Anyone harvesting, drying or handling mouldy grain should use respiratory protection, according to Ken Hellevang, agricultural engineer with the North Dakota State University Extension Service.
Mould can be a problem this spr ing in grain that was mouldy in the field or became infested with storage moulds. For instance, last year’s poor growing conditions meant some grain contained higher-than-normal moisture levels when placed in storage. With warm spring temperatures, conditions are conducive for mould growth.
Dust also may be a problem. Damaged grain will develop more fines as it is handled. Fines increase exposure to dust when handling grain or working in the bins.
The body has natural defence mechanisms, such as coughing and sneezing, that help prevent dust and other particles from entering the lungs.
“However, the mechanisms are not adequate to provide protection in a dusty environment, and the microscopic spores that moulds produce often can bypass these defences because of their small size and overwhelming numbers, ” Hellevang says.
Even low-level exposure to dust and mould can cause symptoms such as wheezing, a sore throat, nasal or eye irritation, and congestion. Higher concentrations can cause allergic reactions and trigger asthma episodes and other problems.
Allergic reactions generally are the most common health problem of mould exposure, Hellevang says. Typical symptoms include wheezing and difficulty breathing; nasal and sinus congestion; burning eyes; watery, reddened, blurry vision; light sensitivity; dry, hacking cough; sore throat; nose and throat irritation; shortness of breath; and skin irritation. People may experience one or a combination of these symptoms.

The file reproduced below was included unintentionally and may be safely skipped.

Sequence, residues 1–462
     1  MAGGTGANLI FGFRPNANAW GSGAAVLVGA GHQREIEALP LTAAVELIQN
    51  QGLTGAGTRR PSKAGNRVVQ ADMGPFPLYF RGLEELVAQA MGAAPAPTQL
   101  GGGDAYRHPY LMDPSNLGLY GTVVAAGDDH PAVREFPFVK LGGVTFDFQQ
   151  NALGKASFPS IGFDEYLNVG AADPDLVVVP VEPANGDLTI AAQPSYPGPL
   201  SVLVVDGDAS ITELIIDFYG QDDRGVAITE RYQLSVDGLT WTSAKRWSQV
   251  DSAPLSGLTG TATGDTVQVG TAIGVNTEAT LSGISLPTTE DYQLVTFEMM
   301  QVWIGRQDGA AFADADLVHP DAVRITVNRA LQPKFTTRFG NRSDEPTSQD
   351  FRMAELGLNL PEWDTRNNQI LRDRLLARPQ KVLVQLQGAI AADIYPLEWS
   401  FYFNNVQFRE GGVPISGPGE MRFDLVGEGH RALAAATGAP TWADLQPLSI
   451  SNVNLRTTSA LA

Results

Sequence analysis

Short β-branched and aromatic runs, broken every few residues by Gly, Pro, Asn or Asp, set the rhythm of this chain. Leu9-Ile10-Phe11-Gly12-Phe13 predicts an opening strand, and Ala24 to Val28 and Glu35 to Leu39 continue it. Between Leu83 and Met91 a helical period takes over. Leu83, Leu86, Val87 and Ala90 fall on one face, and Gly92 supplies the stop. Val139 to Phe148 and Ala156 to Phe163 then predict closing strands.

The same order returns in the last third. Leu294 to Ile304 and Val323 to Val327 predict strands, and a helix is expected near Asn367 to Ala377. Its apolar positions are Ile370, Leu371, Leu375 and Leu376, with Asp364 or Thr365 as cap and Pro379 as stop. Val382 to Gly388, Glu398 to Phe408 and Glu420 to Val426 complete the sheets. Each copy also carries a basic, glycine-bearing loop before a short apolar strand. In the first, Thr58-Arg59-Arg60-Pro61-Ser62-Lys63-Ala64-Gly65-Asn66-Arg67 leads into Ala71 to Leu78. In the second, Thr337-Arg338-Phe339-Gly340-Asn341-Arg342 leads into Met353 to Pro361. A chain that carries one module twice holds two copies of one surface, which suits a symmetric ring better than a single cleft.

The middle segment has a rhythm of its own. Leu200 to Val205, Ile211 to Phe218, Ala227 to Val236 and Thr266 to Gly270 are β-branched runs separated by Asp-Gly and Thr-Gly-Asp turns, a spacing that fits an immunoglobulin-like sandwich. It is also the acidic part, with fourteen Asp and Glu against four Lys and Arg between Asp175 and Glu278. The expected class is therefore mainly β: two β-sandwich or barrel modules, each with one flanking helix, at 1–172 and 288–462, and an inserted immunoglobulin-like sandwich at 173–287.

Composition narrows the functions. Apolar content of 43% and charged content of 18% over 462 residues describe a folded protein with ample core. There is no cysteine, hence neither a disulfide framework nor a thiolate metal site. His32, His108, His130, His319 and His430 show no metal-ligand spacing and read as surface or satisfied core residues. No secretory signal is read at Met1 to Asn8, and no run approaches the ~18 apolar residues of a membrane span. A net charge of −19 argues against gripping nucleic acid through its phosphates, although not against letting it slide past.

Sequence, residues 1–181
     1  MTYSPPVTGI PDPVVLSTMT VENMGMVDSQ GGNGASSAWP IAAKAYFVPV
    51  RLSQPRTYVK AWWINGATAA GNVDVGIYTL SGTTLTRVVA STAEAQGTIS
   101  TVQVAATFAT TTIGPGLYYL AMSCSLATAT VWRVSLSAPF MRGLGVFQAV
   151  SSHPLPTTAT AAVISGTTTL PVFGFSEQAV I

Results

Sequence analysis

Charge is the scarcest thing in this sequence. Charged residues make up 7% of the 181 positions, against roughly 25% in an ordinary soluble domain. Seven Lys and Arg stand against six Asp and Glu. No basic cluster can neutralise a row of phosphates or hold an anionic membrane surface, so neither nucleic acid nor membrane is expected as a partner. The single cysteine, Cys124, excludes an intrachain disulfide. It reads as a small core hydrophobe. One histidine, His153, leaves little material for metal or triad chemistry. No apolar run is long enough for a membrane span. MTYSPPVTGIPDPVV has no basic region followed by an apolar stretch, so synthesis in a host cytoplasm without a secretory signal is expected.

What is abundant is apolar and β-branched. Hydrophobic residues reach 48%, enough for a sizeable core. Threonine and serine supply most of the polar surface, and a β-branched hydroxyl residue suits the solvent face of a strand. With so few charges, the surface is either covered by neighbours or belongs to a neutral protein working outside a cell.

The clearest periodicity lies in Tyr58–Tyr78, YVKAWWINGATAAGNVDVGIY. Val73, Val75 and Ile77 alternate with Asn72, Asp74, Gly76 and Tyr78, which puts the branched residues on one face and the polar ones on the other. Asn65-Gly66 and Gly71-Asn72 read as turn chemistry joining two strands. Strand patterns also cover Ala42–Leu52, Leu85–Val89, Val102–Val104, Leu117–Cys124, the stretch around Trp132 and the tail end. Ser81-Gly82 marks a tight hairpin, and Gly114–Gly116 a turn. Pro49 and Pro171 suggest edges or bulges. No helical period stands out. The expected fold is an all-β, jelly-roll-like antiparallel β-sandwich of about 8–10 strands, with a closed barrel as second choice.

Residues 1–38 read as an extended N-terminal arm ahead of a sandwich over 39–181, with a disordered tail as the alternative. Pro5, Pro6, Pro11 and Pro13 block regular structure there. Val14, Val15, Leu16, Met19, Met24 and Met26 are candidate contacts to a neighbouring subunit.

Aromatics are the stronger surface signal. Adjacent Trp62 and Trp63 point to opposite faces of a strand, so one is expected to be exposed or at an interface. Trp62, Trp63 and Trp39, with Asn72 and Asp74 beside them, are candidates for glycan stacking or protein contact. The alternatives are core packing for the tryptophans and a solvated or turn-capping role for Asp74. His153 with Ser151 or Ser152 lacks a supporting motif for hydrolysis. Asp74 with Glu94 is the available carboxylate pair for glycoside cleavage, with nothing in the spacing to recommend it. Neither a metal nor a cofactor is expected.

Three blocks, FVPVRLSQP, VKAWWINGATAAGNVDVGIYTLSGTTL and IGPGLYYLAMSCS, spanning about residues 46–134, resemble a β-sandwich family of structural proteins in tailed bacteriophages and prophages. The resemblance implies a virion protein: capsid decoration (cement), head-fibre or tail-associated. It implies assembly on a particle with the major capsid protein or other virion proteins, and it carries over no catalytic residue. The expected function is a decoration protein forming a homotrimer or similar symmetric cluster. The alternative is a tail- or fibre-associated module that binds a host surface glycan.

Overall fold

In rare cases, severe symptoms, such as headaches, aches and pains and/or fever, may develop. People’s sensitivity varies based on the amount and type of mould.
In addition, certain types of moulds can produce mycotoxins, which are toxins the mould uses to inhibit or prevent the growth of other organisms. These mycotoxins increase the potential for health hazards from exposure to mould spores.
The type of respiratory protection people need will depend on the amount of their exposure to dust and mould. Hellevang recommends the minimum protection should be an N-95-rated face mask. This mask has two straps to hold it firmly to the face and a metal strip over the nose to create a tight seal. Some masks also have a valve that makes breathing easier for people who wear them for extended periods.
A nuisance-dust mask with a single strap will not provide the needed protection because the mould spores will pass through the mask, Hellevang says.